|Nephi about to slay wicked King Laban, by Jody Livingston|
While reading in Iain Provan, V. Philips Long, and Tremper Longman III, A Biblical History of Israel (Louisville, KY: Westminister/John Knox Press, 2003) last night, I came across some interesting remarks about the process by which Saul came to power. According to Long, et al. (Long is the primary author of the chapter on the early monarchy), “the process by which leaders in early Israel came to power seems to have entailed three stages: designation, demonstration, and confirmation” (p. 210). Long, et al. are drawing the work of Baruch Halpern here, which I have not read (though I have read other things by Halpern, and I find him to be a rather good scholar).
Long, et al. further explained, “First, an individual would be designated by some means for a particular role. Next, the new designee would be expected to demonstrate his status and his prowess by engaging in some feat of arms or military action. Finally, having thus distinguished himself and come to public attention, the designee would be confirmed in his leadership role” (p. 210). My understanding, based on Long, et al.’s discussion of this (pp. 210–214), is that the designation comes through divine means (anointed by the prophet, or chosen through a medium believed to reveal divine will, like casting lots), demonstration is, as pointed out in the quote, usually of militaristic nature, and confirmation comes through the people via public ceremony.
With all that in mind, I got to wondering about whether anything like this might show up in the Book of Mormon. Off the top of my head, I can’t think of anything like this Mormon’s abridgment (and wouldn’t necessarily expect it, since he lived in pre-Columbian America, and his ancestors had also for the last 1000 years). But it was pretty easy to come up with examples, in the proper order, for Nephi—who was probably schooled in Israelite scribal practices, and whose record has been seen as something of a royal apology (that is, a defense of his right to rule).
Nephi is designated a ruler by the Lord via revelation in 1 Nephi 2:22, and then again by an angel to his brothers in 1 Nephi 3:29. Interestingly, in between these two is the casting of lots, which selects not Nephi, but Laman (1 Nephi 3:11). I would suggest this could be read as a counter designation, which plays a specific and somewhat polemic role in the narrative.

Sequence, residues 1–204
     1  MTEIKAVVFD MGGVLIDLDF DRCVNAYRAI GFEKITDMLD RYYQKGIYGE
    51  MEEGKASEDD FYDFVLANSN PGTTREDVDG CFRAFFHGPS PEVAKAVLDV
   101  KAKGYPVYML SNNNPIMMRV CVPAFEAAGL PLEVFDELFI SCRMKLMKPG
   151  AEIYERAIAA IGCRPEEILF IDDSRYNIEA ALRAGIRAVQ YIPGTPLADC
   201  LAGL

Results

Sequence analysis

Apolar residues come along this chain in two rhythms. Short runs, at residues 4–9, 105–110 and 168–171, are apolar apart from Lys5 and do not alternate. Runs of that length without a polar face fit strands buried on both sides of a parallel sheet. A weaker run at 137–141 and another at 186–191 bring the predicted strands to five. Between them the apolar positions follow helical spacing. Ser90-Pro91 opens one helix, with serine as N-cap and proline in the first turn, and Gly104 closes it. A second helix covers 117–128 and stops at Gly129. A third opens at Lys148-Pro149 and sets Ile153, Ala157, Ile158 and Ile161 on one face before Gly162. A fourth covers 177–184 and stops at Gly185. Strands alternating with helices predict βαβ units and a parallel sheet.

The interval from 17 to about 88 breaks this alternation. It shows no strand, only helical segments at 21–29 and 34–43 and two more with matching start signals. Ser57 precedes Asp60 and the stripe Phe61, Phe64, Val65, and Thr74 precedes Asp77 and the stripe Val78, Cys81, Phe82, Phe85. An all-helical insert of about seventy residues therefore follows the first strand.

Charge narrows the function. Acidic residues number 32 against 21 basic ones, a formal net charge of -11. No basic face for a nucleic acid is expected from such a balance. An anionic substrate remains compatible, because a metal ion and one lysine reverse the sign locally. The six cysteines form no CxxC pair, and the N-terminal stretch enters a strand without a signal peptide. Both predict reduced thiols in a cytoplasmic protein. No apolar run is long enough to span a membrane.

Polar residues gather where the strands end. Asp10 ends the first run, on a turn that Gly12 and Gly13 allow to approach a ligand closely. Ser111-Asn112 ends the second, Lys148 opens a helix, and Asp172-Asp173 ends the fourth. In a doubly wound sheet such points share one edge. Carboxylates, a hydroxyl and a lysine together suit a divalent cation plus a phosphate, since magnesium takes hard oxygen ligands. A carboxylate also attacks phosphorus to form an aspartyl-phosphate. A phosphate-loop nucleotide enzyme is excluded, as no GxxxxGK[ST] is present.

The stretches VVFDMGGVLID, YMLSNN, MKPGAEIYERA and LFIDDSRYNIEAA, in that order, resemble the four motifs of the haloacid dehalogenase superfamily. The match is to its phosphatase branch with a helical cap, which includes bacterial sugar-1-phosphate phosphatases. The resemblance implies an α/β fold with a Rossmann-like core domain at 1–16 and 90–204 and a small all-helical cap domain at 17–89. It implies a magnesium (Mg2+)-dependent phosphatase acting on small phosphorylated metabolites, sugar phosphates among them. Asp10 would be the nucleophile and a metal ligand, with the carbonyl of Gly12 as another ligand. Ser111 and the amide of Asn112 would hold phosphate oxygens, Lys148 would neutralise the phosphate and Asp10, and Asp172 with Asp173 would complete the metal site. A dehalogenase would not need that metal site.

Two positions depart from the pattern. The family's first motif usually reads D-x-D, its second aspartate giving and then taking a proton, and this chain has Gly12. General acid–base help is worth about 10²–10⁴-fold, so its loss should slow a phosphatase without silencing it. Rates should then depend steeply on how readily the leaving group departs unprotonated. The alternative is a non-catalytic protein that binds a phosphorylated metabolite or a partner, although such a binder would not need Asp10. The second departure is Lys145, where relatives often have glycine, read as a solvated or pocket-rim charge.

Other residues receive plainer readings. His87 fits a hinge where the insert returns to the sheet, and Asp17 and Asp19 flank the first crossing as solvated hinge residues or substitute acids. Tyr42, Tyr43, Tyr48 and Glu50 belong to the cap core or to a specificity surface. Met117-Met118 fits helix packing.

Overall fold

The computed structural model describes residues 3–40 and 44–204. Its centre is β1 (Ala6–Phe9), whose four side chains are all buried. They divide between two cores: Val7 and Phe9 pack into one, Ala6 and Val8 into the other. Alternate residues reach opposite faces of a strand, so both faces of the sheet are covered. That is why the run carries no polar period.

I would propose at least 2 demonstrations in 1 Nephi. The first demonstration is when Nephi obtains the brass plates. The slaying of Laban has long been recognized as one of the most politically charged narratives in 1 Nephi. It plays a major role in Nephi’s argument for his right to rule. It is full of militaristic elements, from his speech in 1 Nephi 4:1–2 to his actual beheading of Laman and donning his armor, Nephi’s obtaining the plates easily qualifies as “a feat of arms.”
What is interesting here is that as part of the narrative you have the counter-designation of Laman in between, followed up with Laman’s failure to accomplish his charge. This is followed Nephi’s own failure, in which Laman then beating Nephi with a rod (1 Nephi 3:22–28). Laman’s beating Nephi with a rod (a symbol of authority/rule in the ancient Near East) could be seen as an attempted demonstration on Laman’s part, which is interrupted by the angel who redesignates Nephi.
The second demonstration comes in the broken bow narrative in 1 Nephi 16. The bow is another symbol of authority in ancient Near Eastern perspectives, and so Nephi’s fashioning bow (while his brothers bows have lost their spring’s), and then successfully killing prey and returning victoriously with food could be seen as another demonstration of Nephi’s right to rule (1 Nephi 16:18–32).
Both of these demonstrations are interesting because, I as I mentioned above, there seems to be some polemical implications in them. They are not just demonstrating that Nephi is fit to rule, but also that Laman is not—he fails to obtain the plates, his attempted demonstration of authority over Nephi is stopped by Nephi’s own divine redesignation, and his bow is defective and he fails to obtain food for the family.
This is vaguest of the three in Nephi’s record, but I believe it is there. It does not come until 2 Nephi 5:18, where Nephi is chosen as king by the people. Granted, Nephi himself expresses reluctance to accept, but Jacob 1:9–11 tells us that Nephi appointed a king as his successor, filled the functions of a king, and his name became a royal title. So it would seem that Nephi did, in fact, become a king for the people. Many scholars have even suggested that 2 Nephi 6–10 was a speech given at Nephi’s coronation, as it has many themes coronation themes in it.
It should go without saying that this is extremely preliminary. More reading on this three-stage process is needed, along with greater analysis of the Book of Mormon, particularly 1 and 2 Nephi. But I think this sketch sufficiently illustrates that there is some potential here and that such a framework might have some interesting interpretive possibilities for how we read 1 and 2 Nephi.